Smirk is a 1987 Super Sport Limited 17 w/Johnson/Suzuki 90 EFI four-stroke
 
Phil T
#5 Print Post
Posted on 11/27/17 - 4:01 AM
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Any idea as to the conditon of the engine and fuel when you bought it?

I would start with new fuel supply.

Could be:

a) clogged VST or injectors due to bad gas
b) hose degraded and caused A above
c) Closed vent on tank
d) electrical fault/loose ground



1992 Outrage 17, 1992 Evinrude 115
 
TransFueler
#6 Print Post
Posted on 11/27/17 - 8:59 AM
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Agreed. Good places to start.
Tank vents are clear & open. I'll start with a new fuel filter...


Smirk is a 1987 Super Sport Limited 17 w/Johnson/Suzuki 90 EFI four-stroke
 
TransFueler
#7 Print Post
Posted on 11/28/17 - 4:05 PM
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Took a pretty good size fuel sample from the Fuel Vapor Separator. About 60% gas, 40% water.
Drained both fuel tanks. Bought low & high pressure fuel filters. Will replace filters tomorrow, drain fuel rail and try it with fresh gas...


Smirk is a 1987 Super Sport Limited 17 w/Johnson/Suzuki 90 EFI four-stroke
 
tedious
#8 Print Post
Posted on 11/29/17 - 12:58 PM
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Sounds like you have found the problem! You fooled me with your first post - based on your experience, I'd say you're well able to do pretty much any diagnosis and repair on this motor! Grab the factory service manual and have at it.

 
TransFueler
#9 Print Post
Posted on 11/29/17 - 5:04 PM
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Thank you. While I'm a pretty decent wrench on vintage cars, I'm not as confident working on a modern EFI motor.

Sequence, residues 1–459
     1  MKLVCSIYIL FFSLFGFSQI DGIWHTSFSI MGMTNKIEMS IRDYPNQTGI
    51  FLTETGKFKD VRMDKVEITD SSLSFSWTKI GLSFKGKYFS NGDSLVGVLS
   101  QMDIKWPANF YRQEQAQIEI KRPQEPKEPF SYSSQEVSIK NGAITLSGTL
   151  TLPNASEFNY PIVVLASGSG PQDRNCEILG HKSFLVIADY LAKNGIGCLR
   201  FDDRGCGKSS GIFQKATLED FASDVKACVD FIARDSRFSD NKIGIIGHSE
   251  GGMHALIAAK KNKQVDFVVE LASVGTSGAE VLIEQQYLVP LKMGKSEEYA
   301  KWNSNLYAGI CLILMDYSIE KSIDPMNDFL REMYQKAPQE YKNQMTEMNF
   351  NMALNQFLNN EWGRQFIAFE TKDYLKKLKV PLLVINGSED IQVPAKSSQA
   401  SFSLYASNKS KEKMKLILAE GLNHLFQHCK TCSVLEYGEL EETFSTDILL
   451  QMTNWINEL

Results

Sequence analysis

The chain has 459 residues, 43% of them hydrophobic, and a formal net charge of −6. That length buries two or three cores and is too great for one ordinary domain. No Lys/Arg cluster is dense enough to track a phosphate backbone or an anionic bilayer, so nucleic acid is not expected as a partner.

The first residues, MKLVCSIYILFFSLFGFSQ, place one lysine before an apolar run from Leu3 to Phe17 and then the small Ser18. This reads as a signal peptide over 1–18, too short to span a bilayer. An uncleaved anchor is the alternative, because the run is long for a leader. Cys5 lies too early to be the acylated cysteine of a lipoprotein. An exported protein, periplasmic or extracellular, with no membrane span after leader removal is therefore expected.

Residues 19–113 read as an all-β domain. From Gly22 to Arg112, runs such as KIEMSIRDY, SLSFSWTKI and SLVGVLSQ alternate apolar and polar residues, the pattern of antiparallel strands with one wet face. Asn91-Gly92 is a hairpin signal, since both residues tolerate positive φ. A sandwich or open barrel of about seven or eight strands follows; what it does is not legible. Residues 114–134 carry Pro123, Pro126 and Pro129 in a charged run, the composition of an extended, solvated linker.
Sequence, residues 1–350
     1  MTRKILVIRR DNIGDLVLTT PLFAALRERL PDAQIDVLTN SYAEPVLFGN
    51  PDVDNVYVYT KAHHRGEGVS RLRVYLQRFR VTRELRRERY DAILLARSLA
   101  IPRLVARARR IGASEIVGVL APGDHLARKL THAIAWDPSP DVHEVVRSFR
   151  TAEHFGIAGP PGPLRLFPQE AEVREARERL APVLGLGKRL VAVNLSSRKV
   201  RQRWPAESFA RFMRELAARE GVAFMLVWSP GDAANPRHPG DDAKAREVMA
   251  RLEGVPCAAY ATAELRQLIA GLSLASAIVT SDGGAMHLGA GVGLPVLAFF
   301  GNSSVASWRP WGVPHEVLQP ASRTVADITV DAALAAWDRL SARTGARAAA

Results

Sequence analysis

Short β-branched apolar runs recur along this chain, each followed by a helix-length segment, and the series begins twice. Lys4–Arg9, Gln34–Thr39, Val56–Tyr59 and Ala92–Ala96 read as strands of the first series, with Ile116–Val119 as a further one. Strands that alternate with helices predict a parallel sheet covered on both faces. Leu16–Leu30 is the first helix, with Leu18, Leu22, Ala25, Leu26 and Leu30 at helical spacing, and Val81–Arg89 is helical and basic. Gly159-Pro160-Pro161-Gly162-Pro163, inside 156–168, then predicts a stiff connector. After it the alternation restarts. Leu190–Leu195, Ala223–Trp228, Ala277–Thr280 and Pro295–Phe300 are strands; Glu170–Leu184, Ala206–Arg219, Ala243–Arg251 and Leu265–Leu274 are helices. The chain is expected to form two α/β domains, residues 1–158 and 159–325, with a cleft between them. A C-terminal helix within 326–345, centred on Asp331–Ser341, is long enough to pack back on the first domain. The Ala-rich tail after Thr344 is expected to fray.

But as we all know, they're simply nuts & bolts. Pieces of metal. Wiring, etc. Nothing to be afraid of, eh!


Smirk is a 1987 Super Sport Limited 17 w/Johnson/Suzuki 90 EFI four-stroke
 
steelhead55
#10 Print Post
Posted on 11/29/17 - 6:37 PM
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I have some experience with these motors, having owned a 225 and a 70. These motors are extremely susceptible to bad gas, and water in the gas. Based on your symptoms, if your lucky it is just the high pressure fuel filter. If you are unlucky, it is the high pressure fuel pump, and or the low pressure fuel pump.

To test for the high pressure fuel pump, unplug the low pressure fuel pump and take a stethoscope to the motor and listen for the whirr of the high pressure fuel pump. If you do not hear it, thats your problem. Bad news, these pumps are all stupid expensive.

 
Weatherly
#11 Print Post
Posted on 01/12/18 - 6:10 AM
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TransFueler: Good job fixing your main outboard. I hope you do not now think you need a kicker motor as back-up because of your on-the-water breakdown. You really do not need more weight added to your boat. Have faith in your good diagnostics and repair work and skip the notion that you now need a kicker as back-up security.

 
Sharky1
#12 Print Post
Posted on 01/12/18 - 1:59 PM
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While you're at it, you should either test your fuel injectors or send them out to be cleaned. Makes a world of difference. There are a few youtube videos on how to clean them yourself or at least test them using a 9 volt battery. Once you have the fuel system all clean and water free you'll never let it go bad again trust me. It could cost hundreds of dollars for a new VST tank not to mention the high pressure fuel pump. Rec 90 is the only way to go and really all you need to do is put some Sta-Bil in the gas and you should be good to go.